Tuesday, June 5, 2018

May 24 - Central Park

May 24 was my last AMNH Thursday morning Central Park walk of the season. Below is the list of 47 species we recorded on this last walk. The cumulative total of species recorded on Thursday mornings for the spring can be found here.

Canada Goose
Mallard
Double-crested Cormorant
Great Egret
Green Heron
Black-crowned Night-Heron
Red-tailed Hawk
Herring Gull
Rock Pigeon
Mourning Dove
Common Nighthawk
Chimney Swift
Ruby-throated Hummingbird
Red-bellied Woodpecker
Downy Woodpecker
Northern Flicker
Eastern Wood-Pewee
Yellow-bellied Flycatcher
Great Crested Flycatcher
Eastern Kingbird
Blue-headed Vireo
Warbling Vireo
Red-eyed Vireo
Blue Jay
Gray-cheeked Thrush
Swainson's Thrush
Wood Thrush
American Robin
Gray Catbird
European Starling
Cedar Waxwing
Ovenbird
Northern Waterthrush
Black-and-white Warbler
Nashville Warbler
Mourning Warbler
Common Yellowthroat
American Redstart
Magnolia Warbler
Blackpoll Warbler
Black-throated Blue Warbler
White-throated Sparrow
Northern Cardinal
Red-winged Blackbird
Common Grackle
Baltimore Oriole
House Sparrow

May 23 - Central Park

I am very late getting this post up. May 23 was my final Wednesday morning Central Park walk of the season. From 9:00 to 11:00 am we recorded 43 species, listed below. Species recorded on the 7:00 to 8:45 scouting walk on not on the regular walk are listed following this list. One highlight of the walk were the blooming yellow lady's slipper. A cumulative total for the species recorded on the spring Wednesday walks can be found here.


Mallard
Double-crested Cormorant
Black-crowned Night-Heron
Herring Gull
Rock Pigeon
Mourning Dove
Yellow-billed Cuckoo
Common Nighthawk
Chimney Swift
Red-bellied Woodpecker
Downy Woodpecker
Eastern Wood-Pewee
Great Crested Flycatcher
Blue-headed Vireo
Warbling Vireo
Blue Jay
Fish Crow
Barn Swallow
White-breasted Nuthatch
Swainson's Thrush
American Robin
Gray Catbird
European Starling
Ovenbird
Northern Waterthrush
Black-and-white Warbler
Common Yellowthroat
American Redstart
Northern Parula
Magnolia Warbler
Yellow Warbler
Blackpoll Warbler
Black-throated Blue Warbler
Canada Warbler
Eastern Towhee
White-throated Sparrow
Northern Cardinal
Red-winged Blackbird
Common Grackle
Baltimore Oriole
House Finch
American Goldfinch
House Sparrow

Ten species were recorded on the scouting walk: Canada Goose, Black-crowned Night-Heron, Double-crested Cormorant, Herring Gull, Eastern Wood-Pewee, Blue-headed Vireo, Fish Crow, White-breasted Nuthatch, Black-and-white Warbler and a late White-throated Sparrow.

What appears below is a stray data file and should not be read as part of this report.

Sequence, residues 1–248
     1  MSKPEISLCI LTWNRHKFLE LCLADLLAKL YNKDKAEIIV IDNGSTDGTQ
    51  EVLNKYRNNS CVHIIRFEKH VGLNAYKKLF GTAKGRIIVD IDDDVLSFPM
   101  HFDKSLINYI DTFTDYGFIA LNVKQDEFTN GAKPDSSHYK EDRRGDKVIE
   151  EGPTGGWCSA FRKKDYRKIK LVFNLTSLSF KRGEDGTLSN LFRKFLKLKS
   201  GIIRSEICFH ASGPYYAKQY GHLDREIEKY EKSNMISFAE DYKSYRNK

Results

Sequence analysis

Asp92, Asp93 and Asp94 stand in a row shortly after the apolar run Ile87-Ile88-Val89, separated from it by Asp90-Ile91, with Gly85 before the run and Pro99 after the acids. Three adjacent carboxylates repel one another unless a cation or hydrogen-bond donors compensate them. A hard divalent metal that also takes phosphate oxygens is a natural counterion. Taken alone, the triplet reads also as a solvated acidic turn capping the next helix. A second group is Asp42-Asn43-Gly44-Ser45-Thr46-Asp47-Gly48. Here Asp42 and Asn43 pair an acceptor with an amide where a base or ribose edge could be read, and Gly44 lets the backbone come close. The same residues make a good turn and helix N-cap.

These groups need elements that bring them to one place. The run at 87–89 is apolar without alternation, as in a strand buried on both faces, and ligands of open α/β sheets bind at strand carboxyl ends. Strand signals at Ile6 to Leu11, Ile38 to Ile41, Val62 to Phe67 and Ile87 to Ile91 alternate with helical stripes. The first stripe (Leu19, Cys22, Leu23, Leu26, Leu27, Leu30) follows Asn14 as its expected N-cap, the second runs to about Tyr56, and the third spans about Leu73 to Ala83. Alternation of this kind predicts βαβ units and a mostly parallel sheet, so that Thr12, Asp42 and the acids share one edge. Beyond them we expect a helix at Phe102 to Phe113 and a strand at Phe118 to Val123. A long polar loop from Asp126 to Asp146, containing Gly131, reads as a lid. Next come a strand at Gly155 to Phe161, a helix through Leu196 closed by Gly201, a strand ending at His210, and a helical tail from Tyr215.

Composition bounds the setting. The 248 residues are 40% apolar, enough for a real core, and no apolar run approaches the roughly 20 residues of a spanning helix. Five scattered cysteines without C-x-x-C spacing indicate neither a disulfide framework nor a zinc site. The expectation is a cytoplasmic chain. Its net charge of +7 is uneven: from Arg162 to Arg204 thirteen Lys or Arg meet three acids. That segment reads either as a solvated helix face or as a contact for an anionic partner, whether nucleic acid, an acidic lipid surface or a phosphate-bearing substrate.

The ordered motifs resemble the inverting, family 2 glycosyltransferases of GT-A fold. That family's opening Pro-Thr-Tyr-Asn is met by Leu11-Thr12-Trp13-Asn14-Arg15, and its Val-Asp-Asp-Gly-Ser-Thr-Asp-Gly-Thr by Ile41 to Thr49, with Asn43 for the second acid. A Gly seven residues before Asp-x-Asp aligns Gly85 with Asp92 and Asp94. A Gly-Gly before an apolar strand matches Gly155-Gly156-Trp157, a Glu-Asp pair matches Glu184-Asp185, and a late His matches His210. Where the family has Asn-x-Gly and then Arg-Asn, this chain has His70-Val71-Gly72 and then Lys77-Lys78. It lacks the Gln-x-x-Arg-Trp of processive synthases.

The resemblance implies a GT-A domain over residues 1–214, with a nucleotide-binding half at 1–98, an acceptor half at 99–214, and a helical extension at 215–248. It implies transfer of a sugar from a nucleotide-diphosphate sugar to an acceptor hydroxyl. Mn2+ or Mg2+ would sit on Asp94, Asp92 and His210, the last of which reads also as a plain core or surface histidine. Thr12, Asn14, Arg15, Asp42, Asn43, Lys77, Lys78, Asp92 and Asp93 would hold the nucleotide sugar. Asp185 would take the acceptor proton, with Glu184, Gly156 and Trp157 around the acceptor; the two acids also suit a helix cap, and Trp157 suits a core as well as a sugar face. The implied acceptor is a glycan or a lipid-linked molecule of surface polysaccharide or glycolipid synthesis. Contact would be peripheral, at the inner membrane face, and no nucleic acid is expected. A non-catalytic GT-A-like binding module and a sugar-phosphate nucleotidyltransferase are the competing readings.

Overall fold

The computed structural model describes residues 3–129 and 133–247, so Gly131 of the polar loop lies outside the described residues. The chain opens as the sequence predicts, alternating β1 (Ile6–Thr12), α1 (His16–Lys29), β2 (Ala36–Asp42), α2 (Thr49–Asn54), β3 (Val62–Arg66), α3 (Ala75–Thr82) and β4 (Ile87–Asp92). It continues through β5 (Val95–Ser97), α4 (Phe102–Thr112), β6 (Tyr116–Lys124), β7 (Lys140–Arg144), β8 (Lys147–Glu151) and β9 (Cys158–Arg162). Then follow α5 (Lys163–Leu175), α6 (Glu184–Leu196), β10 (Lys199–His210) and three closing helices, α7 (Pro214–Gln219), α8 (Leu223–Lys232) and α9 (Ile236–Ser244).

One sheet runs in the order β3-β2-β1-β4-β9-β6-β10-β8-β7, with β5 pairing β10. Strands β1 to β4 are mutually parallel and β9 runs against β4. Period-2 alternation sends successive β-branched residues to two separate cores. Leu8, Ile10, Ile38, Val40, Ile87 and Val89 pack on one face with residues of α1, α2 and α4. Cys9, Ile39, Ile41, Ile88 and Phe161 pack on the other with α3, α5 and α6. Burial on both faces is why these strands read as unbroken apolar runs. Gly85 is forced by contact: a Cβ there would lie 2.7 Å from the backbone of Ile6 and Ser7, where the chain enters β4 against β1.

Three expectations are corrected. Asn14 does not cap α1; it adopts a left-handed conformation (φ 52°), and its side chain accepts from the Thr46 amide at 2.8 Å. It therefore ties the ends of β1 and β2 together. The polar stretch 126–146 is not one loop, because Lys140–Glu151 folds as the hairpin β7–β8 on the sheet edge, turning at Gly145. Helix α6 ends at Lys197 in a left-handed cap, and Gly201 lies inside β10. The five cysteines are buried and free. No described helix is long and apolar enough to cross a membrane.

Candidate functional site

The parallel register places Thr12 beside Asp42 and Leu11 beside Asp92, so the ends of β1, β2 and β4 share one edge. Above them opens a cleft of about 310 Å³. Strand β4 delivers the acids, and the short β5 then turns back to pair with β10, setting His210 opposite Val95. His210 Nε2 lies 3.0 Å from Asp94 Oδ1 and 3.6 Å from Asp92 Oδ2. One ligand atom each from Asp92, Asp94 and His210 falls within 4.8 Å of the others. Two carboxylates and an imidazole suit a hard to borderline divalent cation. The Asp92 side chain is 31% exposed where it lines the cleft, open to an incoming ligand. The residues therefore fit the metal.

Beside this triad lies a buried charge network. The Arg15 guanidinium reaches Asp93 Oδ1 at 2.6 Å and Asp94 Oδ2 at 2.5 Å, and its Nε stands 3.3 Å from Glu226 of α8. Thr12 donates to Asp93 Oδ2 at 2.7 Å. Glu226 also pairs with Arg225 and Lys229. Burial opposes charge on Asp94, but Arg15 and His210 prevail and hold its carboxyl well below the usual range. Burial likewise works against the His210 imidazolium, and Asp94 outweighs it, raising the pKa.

Sunday, May 20, 2018

May 19 - Alder Flycatcher - new species for my apartment list

A gray, rainy, foggy, misty day, but it produced the first new bird for my apartment bird list in 3.5 years - an Alder Flycatcher. The bird was down in the low vegetation in Muscota Marsh and I first saw and heard it from the deck overlooking the marsh. Since it was actively flying around the marsh I quickly went up to the apartment to see if I could get it from the apartment window. I did not hear it calling from upstairs, but Ann and I watched it flying around the low vegetation. It is species number 115 from the apartment.

Saturday, May 19, 2018

May 18 - Inwood Hill Park

What a difference in a few days. This was my quietest morning in Inwood of all my trips over the last week and a half or so. Only 38 species with eight warblers. There really weren't any highlights among the birds so I will just give the list.

Canada Goose
Mallard
Double-crested Cormorant
Ring-billed Gull
Rock Pigeon
Mourning Dove
Chimney Swift
Red-bellied Woodpecker
Downy Woodpecker
Northern Flicker
Great Crested Flycatcher
Warbling Vireo
Red-eyed Vireo
Blue Jay
American Crow
Carolina Wren
House Wren
Swainson's Thrush
Wood Thrush
American Robin
Gray Catbird
Northern Mockingbird
European Starling
Black-and-white Warbler
Common Yellowthroat
American Redstart
Northern Parula
Magnolia Warbler
Yellow Warbler
Chestnut-sided Warbler
Black-throated Blue Warbler
Northern Cardinal
Red-winged Blackbird
Common Grackle
Orchard Oriole
Baltimore Oriole
American Goldfinch
House Sparrow

May 17 - Central Park

Three intrepid participants were not deterred by the rainy forecast and joined me for my Thursday AMNH bird walk in Central Park. I wish I could say that the weather forecast proved to be totally wrong and that we enjoyed a lovely spring morning in the park. Though the weather did not turn out to be as bad as the forecast, we did start out in light rain, but it soon let off and most of the walk was done in overcast, threatening skies with occasional spitting rain. We found 37 species, including ten warblers. However, the highlight of the morning was the continuing presence of yesterday's Bicknell's Thrush, once again seen and heard in the vicinity of the feeders in the Ramble. The full list is below.

Canada Goose
Mallard
Double-crested Cormorant
Great Egret
Herring Gull
Rock Pigeon
Mourning Dove
Red-bellied Woodpecker
Downy Woodpecker
Northern Flicker
Warbling Vireo
Blue Jay
Veery (2)
Gray-cheeked Thrush (1)
Bicknell's Thrush (1)
Swainson's Thrush (2)
Wood Thrush (1)
American Robin
Gray Catbird
European Starling
Ovenbird (4)
Northern Waterthrush (2)
Black-and-white Warbler (2)
Common Yellowthroat (5)
American Redstart (2)
Northern Parula (3)
Magnolia Warbler (4)
Yellow Warbler (4)
Blackpoll Warbler (1)
Wilson's Warbler (2, a relatively cooperative male was on the Point)
Song Sparrow
White-throated Sparrow (2, lingerers)
Northern Cardinal
Red-winged Blackbird
Common Grackle
Baltimore Oriole
House Sparrow